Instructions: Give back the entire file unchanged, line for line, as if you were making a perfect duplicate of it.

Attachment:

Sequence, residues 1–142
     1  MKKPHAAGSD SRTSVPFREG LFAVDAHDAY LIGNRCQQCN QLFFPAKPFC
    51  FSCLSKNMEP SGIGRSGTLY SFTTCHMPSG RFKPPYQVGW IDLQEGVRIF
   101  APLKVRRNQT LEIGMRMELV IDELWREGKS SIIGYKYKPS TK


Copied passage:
Sequence, residues 1–142
     1  MKKPHAAGSD SRTSVPFREG LFAVDAHDAY LIGNRCQQCN QLFFPAKPFC
    51  FSCLSKNMEP SGIGRSGTLY SFTTCHMPSG RFKPPYQVGW IDLQEGVRIF
   101  APLKVRRNQT LEIGMRMELV IDELWREGKS SIIGYKYKPS TK